If you're using a Git based source control management (SCM) service you'll need to create and configure SSH keys to facilitate trusted communication between your computer and the remote SCM repository. If you're using Mac OS X (or similar unix based system) then this process turns out to be relatively simple.
In the following article we'll show you how to accomplish this so you can safely and securely connect to one such SCM service - Bitbucket.
As with most server related tasks you'll need to fire up the Mac OS X Terminal to start the process of creating and configuring your SSH keys.
Confirm you're in your home directory (which you should be by default) by typing the following command: pwd which should show you something akin to the following:
If you find you're in a completely different location simply type cd ~ to get you back to your home directory.
Now begin the process of creating an SSH key using the following command:
By default this will create a 2048 bit length RSA private/public key pair which you will be prompted to provide a password for.
If you navigate into the .ssh folder in your home directory you should see the keys that have been generated, which will be named id_rsa and id_rsa.pub, by typing the command ls -al.
If you are planning to generate multiple keys for different applications it might be an idea to rename the keys that you generate to something unique such as the name of the project/service they relate to. If you were to do this renaming the keys might look something like the following:
mv id_rsa project_name_rsa mv id_rsa.pub project_name_rsa.pub
We now need to copy the public key (the one we wish to share with Bitbucket for communications between our local machine and the remote repository):
pbcopy < ~/.ssh/id_rsa.pub
You will need to paste the copied public key into your SSH keys section on your Bitbucket account so that your local machine can communicate with and exchange information with Bitbucket - see below.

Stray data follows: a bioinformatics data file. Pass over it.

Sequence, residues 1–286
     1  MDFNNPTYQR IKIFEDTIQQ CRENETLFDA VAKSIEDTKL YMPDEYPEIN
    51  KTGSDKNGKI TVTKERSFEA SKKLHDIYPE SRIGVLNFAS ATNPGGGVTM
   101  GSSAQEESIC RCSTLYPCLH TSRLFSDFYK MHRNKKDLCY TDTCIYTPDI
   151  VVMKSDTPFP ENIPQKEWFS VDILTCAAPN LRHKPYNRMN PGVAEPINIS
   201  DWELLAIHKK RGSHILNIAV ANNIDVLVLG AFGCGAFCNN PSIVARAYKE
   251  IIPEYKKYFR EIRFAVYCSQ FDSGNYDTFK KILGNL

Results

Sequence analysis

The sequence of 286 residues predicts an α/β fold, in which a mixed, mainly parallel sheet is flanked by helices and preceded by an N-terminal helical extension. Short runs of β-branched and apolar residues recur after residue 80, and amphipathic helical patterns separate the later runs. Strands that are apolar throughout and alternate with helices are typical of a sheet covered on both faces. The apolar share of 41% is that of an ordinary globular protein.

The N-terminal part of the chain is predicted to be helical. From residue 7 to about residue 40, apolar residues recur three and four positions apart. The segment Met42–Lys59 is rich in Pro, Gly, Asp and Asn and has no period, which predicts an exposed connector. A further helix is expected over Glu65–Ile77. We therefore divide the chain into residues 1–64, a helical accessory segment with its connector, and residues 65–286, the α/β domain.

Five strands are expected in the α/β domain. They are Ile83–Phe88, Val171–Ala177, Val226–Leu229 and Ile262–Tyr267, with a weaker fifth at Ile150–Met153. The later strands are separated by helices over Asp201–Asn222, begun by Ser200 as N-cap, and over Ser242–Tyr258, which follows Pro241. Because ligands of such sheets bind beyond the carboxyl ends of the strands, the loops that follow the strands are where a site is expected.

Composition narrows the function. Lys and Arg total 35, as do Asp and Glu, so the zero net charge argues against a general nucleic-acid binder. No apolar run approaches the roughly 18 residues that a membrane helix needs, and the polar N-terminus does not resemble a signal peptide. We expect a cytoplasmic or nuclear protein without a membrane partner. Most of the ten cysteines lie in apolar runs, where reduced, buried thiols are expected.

Returning back to your Terminal type out the following to list your SSH keys: ls -a ~/.ssh.
If you don't see a list of keys being returned this probably means the shh-agent isn't running. To check if this is the case type out the following instruction:
ps -e | grep [s]sh-agent
If the SSH agent is running you should see something akin to the following output:
66129 ?? 0:00.03 ssh-agent /bin/bash
If you don't see any output then force the ssh-agent to run with the following command:
The ssh-agent stores the password for the private key that you created but firstly you have to add the identity of the private key to the ssh-agent in order for it to do this:
You will be prompted for the passphrase that you used to generate the public/private key pair and, once this has been entered and confirmed, you should see the fingerprint of the key that has just been added to the ssh-agent with the following command:
Which should output something akin to the following:
The key fingerprint is: 0b:fa:3c:b8:73:71:bf:58:57:eb:2a:2b:8c:2f:4e:37
If you see similar output then everything has been configured successfully and you can start exchanging information between your local machine and Bitbucket using the SSH protocol.